Understanding the BCCI's concerns and improving his relationship with the Indian board is one of Haroon Lorgat's top priorities as he begins his tenure as chief executive of CSA. Lorgat was appointed on Saturday and will officially take over the role on August 1 for a term of three years. His unveiling ends a nine-month period of uncertainty for the organisation which has been without a permanent boss since Gerald Majola's sacking in October 2012.
Although Lorgat was considered the frontrunner for the job even before he applied late last year, when CSA's board restructure was completed, a major hurdle to his appointment was the BCCI's objection. The Indian board is believed to harbour dissatisfaction with Lorgat from his time at the ICC, where they clashed with him over issues ranging from the FTP and DRS to the corporate governance review.
They informed CSA of their unhappiness and there was even talk India would cancel its upcoming tour to South Africa. CSA's president Chris Nenzani confirmed officials from South Africa met with the BCCI in February to discuss, among other things, Lorgat. The board is satisfied they have not put either the India tour or their relationship with the BCCI at risk despite giving Lorgat the top job.
"We went to India and talked to the president of the BCCI and they raised their concerns about Haroon [Lorgat]," Nenzani said at a press conference at the Wanderers. "We told them, 'We will not undermine your concerns but we will have to take decision based on the interests of CSA.' We have a long history of friendship and a good relationship with the BCCI and we value that relationship. We have no reason to believe this appointment will jeopardise the relationship in any way."
Nenzani said he had received "no information the tour will not go ahead", while Lorgat confirmed the two boards are still in talks about the itinerary. CSA released a schedule for two T20s, seven ODIs and three Tests to be played between November 21 and January 19 but the BCCI want some adjustments that could see the Tests played first.
By the time India arrive in South Africa, Lorgat would have completed three months in office and hopes to have gleaned thorough knowledge of the BCCI's reservations about him, reassured them and gained their trust. Lorgat admitted he is "not too sure" exactly what the BCCI's point of contention is but conceded they bumped heads at the ICC and the ethics officer was called in to mediate. All complaints against Lorgat were dismissed thereafter and Lorgat thought the matter had been put to bed.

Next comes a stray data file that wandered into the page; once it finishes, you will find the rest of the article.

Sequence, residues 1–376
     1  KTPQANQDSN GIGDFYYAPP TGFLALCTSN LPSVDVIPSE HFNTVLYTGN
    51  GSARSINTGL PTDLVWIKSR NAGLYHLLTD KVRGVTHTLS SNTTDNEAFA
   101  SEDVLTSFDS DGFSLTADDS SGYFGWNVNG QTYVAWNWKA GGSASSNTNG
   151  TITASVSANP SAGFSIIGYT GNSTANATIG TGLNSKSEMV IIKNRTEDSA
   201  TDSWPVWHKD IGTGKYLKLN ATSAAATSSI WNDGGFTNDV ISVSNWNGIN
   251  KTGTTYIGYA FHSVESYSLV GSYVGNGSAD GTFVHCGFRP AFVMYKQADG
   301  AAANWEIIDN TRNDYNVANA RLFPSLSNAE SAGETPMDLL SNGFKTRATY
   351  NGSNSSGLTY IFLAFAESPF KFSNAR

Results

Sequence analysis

"I am saddened by these inferences and I did not expect such a poor relationship to have formed. I don't like to be out of favour with someone I thought was a friend. I will do my best to understand the concerns," he said.
"If I need to sit across a table, to go to India, whatever it takes to smooth things over, I have to put CSA first. When the issues come out, if it means I have offended someone and I need to apologise, I will." Haroon Lorgat
But it does not end there. Not only does Lorgat want to comprehend, he also wants to reconcile and he is willing to go the extra mile to ensue that happens. "If I need to sit across a table, to go to India, whatever it takes to smooth things over, I have to put CSA first. When the issues come out, if it means I have offended someone and I need to apologise, I will."
Lorgat's deference to India may seem at odds with CSA's bold decision to choose him despite India's unhappiness, but Lorgat explained he is not seeking to further ruffle feathers. "We have to respect India and it's up to me to fix up anything that needs patching," he said.
Asked if he thought India was too powerful and used that might to exert their will, Lorgat was diplomatic. "I think in anything too much dominance of one person is not good. But I also think we should not begrudge strong people. We should aspire to be as strong as they are."
Over the last two years, while South Africa's Test team has gained the highest stature in world cricket, its administration has lagged far behind. The bonus scandal and revolving door of acting presidents and acting CEOs led to what ESPNCricinfo understands was a loss of respect at higher levels.
Lorgat's other aim is to restore the standing CSA once had, both in the eyes of other boards and its own public, whose trust was dented in the aftermath of the Majola affair. "What's happened in the past was not what anybody wanted to see," Lorgat said. "I am confident the reputation will improve. I am impressed by the new board and I think we have good people who will ensure corporate governance."
He also thanked his predecessor Majola, despite the manner in which he was dismissed, for "leading the organisation for almost a decade." Under Majola, South Africa hosted ICC events such as the inaugural World T20 and 2009 Champions Trophy and even stood in to put on the IPL in season 2.
Ironically, staging the Indian event led to Majola's downfall. Bonus payments from that event which did not pass through the board were the main reason for him being fired. But that South Africa were willing to bail India out in their hour of need was indication of the closeness of their relationship and Lorgat hopes to begin restoring that as soon as he can.